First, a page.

Didier Stainier (MPI) 3: Genetic Compensation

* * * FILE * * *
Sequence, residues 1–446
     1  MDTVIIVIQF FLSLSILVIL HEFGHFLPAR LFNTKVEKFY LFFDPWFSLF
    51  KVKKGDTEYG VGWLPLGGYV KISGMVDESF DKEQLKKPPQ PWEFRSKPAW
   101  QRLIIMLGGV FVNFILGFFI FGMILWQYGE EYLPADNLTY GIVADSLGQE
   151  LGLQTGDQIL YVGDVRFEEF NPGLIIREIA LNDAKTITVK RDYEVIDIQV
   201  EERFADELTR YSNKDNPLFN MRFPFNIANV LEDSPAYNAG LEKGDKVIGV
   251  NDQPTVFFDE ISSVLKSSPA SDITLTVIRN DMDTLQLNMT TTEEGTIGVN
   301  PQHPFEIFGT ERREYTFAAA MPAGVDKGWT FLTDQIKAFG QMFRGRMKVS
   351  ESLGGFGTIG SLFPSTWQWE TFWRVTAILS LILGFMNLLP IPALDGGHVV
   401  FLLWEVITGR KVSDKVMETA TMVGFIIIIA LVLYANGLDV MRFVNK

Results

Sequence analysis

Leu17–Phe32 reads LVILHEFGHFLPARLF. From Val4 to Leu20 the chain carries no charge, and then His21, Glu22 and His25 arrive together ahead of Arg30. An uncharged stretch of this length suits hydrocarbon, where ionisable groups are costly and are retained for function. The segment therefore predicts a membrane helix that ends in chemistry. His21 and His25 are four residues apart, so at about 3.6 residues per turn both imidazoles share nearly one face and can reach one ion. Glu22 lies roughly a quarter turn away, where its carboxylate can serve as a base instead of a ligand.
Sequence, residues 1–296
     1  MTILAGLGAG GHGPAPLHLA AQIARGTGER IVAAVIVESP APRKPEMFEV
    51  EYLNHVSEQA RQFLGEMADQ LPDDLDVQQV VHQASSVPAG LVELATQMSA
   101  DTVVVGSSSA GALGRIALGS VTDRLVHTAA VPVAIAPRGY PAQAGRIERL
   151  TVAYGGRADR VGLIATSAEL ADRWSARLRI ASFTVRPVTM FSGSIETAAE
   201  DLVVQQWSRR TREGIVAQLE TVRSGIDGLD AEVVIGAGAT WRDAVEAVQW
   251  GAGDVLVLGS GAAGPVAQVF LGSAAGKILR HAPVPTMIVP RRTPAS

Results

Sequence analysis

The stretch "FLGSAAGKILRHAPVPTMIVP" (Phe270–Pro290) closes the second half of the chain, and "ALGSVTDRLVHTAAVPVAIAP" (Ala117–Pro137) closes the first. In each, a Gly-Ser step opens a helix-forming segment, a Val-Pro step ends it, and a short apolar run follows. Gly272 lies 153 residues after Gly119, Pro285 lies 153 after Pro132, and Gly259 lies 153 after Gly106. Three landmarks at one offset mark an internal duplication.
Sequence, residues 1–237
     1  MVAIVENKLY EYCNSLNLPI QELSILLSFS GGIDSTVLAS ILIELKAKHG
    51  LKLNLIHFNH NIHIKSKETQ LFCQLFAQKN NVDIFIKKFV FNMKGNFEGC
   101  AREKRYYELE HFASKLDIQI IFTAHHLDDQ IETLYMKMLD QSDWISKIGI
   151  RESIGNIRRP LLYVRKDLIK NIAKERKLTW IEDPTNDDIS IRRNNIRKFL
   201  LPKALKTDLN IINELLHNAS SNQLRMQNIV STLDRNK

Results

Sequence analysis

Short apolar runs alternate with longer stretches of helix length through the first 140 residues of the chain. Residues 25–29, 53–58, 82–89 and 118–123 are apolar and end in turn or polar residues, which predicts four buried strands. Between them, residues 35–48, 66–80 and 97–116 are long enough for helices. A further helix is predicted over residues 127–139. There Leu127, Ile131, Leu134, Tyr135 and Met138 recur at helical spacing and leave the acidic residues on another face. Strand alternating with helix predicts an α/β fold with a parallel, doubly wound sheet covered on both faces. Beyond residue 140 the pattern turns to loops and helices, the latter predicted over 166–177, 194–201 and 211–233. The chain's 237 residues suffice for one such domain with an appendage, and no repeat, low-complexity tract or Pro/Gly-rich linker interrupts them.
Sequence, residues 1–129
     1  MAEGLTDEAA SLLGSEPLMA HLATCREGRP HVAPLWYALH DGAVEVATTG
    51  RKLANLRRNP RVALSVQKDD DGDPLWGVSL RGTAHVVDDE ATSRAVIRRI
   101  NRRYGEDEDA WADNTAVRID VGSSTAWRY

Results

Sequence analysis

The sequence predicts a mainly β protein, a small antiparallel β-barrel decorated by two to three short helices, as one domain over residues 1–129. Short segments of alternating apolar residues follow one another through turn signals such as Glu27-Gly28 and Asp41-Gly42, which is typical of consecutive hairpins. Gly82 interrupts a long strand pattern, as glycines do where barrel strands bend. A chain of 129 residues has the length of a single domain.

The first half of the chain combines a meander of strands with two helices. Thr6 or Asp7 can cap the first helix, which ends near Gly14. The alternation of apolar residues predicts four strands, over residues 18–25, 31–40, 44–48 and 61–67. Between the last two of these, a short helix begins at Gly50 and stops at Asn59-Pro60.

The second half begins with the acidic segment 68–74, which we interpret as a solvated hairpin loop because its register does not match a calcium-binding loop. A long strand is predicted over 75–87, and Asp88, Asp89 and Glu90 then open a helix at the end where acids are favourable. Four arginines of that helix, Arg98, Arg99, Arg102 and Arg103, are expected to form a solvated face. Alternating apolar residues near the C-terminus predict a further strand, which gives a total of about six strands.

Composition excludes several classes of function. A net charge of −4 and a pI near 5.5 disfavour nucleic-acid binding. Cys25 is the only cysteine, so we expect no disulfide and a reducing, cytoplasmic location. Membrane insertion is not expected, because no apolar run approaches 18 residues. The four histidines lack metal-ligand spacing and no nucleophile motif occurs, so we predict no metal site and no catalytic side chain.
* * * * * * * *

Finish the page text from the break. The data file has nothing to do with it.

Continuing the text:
Part 1: Vertebrate Organ Development: The Zebrafish Heart: Zebrafish heart development requires the orchestration of cell proliferation, differentiation, and movement. How is this complex process regulated? Part 2: Cardiac Trabeculation: Trabeculae are muscular ridges that form in the heart ventricle and allow it to pump more forcefully.  What controls the localization and development of these structures? Part 3: Genetic Compensation: Stainier explains why gene mutation via antisense oligos may result in a more severe phenotype than mutation via CRISPR-Cas9 or other gene editing tools. https://www.ibiology.org/ibioseminars/genetic-compensation.html Talk Overview: How does a fertilized egg develop into a complex multicellular organism such as a fly, mouse or human?  During zebrafish heart development, for example, cells must proliferate, differentiate, move and come together to form a complex organ.  Didier Stainier explains that zebrafish are an excellent model organism in which to address this question because their eggs are externally fertilized, they produce many offspring and the embryos and larvae are translucent.  In addition, specific cells can be fluorescently labelled making it easier to image organ development in live fish.  Taking advantage of these characteristics, Stainier and his colleagues performed large forward genetic screens to look for mutants in zebrafish heart development. Their findings provide insight into the evolution and development of the vertebrate heart.         In his second lecture, Stainier describes work from his lab investigating the formation of trabeculae in zebrafish hearts.  Trabeculae are multicellular protrusions into the lumen of the ventricle that allow the heart to increase in muscle mass and thus pump more forcefully.  Interestingly, trabeculae form only in the ventricle, not in the atrium, and only on the outer curvature of the ventricular lumen.  For trabeculae to form, cardiomyocytes must delaminate from the outer layer of muscle cells and proliferate in the lumen.  Stainier discusses how his lab identified factors regulating this process including the important roles of blood flow and contractility.         Gene function in zebrafish has been investigated by 1) randomly mutagenizing the genome, 2) knocking down genes with antisense oligos or 3) more recently, by specifically mutating a gene of interest with gene editing tools.  Interestingly, phenotypes obtained by antisense knockdown are often more severe or different than those obtained by gene knockout.  In his last lecture, Stainier presents work from his lab that compares knockdown vs knockout of the egfl7 gene in zebrafish (causing severe vs mild vascular defects) and asks why this difference in phenotypes occurs.  He walks us through the experiments which show that in the case of egfl7, and numerous other genes, gene knockout effects are compensated by upregulated transcription of paralogous or related genes.  This finding raises many questions about how this phenomenon occurs and Stainier’s group continues to investigate this and related questions. Speaker Biography: Dr. Didier Stainier is a Director (Principal Investigator) in the Department of Developmental Genetics at the Max Planck Institute for Heart and Lung Research (MPI-HLR), in Bad Nauheim, Germany.  His lab uses the zebrafish as a model to study development of the cardiovascular system and pancreas, and the mouse as a model for lung development.  Prior to moving to the MPI-HLR, Stainier was Professor of Biochemistry and Biophysics at the University of California, San Francisco from 1995-2012. Stainier received his PhD in Biochemistry and Molecular Biology from Harvard University where he worked in Wally Gilbert’s lab.  As a post-doctoral fellow, Stainier moved to Mark Fishman’s lab at Massachusetts General Hospital where he initiated the studies on zebrafish cardiovascular development and function.  Stainier was one of many scientists in Boston and Tübingen who carried out a huge screen for zebrafish mutants in early development and organogenesis.  The screen was published in Development in 1996 and remains a useful resource to this day for labs studying fish.  Stainier has since published over 200 papers on zebrafish development. Learn more about Stainier’s research here: http://www.mpi-hlr.de/en/forschung/dept-iii.htmlFrom: iBiology

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